As Ana Blaskovic/Poslovni Dnevnik writes, despite announcements from the government that it intended to get it sent out by the end of February, this Croatian EC request still hasn’t been submitted. This cash would be paid out by the European Commission (EC) from the National Recovery and Resilience Plan.
This Croatian EC request should finally be submitted over the next few weeks, when some more technical details are polished up, but there are no major objections to be heard in regard to the first set of measures, as has since been learned from several informed sources.
The main precondition for the first Croatian EC request, a document that a member state can request the first payment of that sum with, was that the National Operational Arrangement had to be signed in early February. In essence, it is an accompanying technical document which elaborates in detail the key stages, timeline and values of these individual planned measures.
In the first transitional period, Croatia undertook to complete a set of 31 reform measures and 3 investments, the successful implementation of which depends on each subsequent injection into the budget, following last year’s advance.
The advance of 818 million euros, or 13 percent of the approved plan, is the only unconditional payment, and Croatia received it back at the end of September 2021. When it submits this new EC request, the European Commission should pay the money out in the next four months.
Transparency is imperative
Those familiar with the process close to the European Commission say that the details will be ironed out in the next few weeks, but that there are no major objections as yet. When asked, however, whether it means that they’re satisfied with what has been presented, they’re refraining from going so far as to say a resounding ”yes”. Among the details the European Commission insisted on was adapting the country’s IT system.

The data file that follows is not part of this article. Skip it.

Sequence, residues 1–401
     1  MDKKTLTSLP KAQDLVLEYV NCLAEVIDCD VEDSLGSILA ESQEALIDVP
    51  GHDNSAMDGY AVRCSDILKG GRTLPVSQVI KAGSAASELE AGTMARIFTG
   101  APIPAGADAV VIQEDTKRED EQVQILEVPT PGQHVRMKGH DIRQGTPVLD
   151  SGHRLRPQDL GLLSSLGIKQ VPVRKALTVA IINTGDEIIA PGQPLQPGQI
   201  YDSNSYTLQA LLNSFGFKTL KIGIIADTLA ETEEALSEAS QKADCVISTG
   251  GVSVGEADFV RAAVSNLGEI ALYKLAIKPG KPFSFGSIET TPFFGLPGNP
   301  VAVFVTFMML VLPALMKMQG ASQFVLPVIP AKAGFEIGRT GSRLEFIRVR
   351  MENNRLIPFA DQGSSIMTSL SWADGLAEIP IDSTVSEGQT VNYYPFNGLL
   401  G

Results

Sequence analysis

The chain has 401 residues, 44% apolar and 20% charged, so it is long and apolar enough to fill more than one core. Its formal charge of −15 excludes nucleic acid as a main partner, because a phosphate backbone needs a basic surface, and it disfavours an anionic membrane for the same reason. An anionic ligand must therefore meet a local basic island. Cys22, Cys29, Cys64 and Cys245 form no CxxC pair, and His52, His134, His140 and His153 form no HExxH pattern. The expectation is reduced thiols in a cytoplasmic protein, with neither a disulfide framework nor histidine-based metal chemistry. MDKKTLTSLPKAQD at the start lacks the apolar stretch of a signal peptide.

Its base is the existing platform of EU funds, but a much higher level of transparency was required from Brussels. For example, that the name of the end user of the money can be found in the system in order to prevent potential conflicts of interest over time. Solutions in this direction are of crucial interest to the Croatian public, as the National Recovery and Resilience Plan is worth 47.5 billion kuna in total and is, at least relatively speaking, the largest in the European Union (EU).
The chance of a ”less than transparent” way of spending this sum of money will be challenging for all member states, the Commission assures, and not only for Croatia, which is at the very bottom of the European Union in terms of corruption indicators and poorly functioning state institutions. Interlocutors also pointed out that this isn’t an issue that only the European Commission insists on, but that it is also in the focus of the European Parliament.
Regular consultations on the Zagreb-Brussels route on the Recovery and Resilience Plan, which should bring with it several substantial reforms, already have some difficult topics on the agenda, such as the reorganisation of the healthcare system and greater efficiency of the judiciary.
Some details of the proposed healthcare reform, specifically the functional merging of hospitals and the transfer of authority over them to the national level, have already resulted in strong resistance at the local level.
Signals from Brussels make it clear that this is an issue that will be insisted on, arguing that there is no alternative to improving access to and efficiency of the Croatian healthcare system, cutting waiting lists, and also cutting costs such as unifying the (now dispersed) public procurement process.
The same goes for the integration of local water companies; the reform of the water utility system envisages cutting their number from 200 all the way down to a much less 43. This idea has also angered local leaders, but more than 5 billion kuna in investment totally depends on it.
Finally, Russia’s invasion of Ukraine raised questions about whether the European Commission would give in and give member states a little bit of room for maneuver in order to redirect some of that money to mitigate the indirect damage from the war. The answer to that question, at least at this point, is no. The national plans set out the necessary reforms to strengthen the resilience of economies to the specific recommendations for each member state.
For more information on this Croatian EC request and much more, check out our politics section.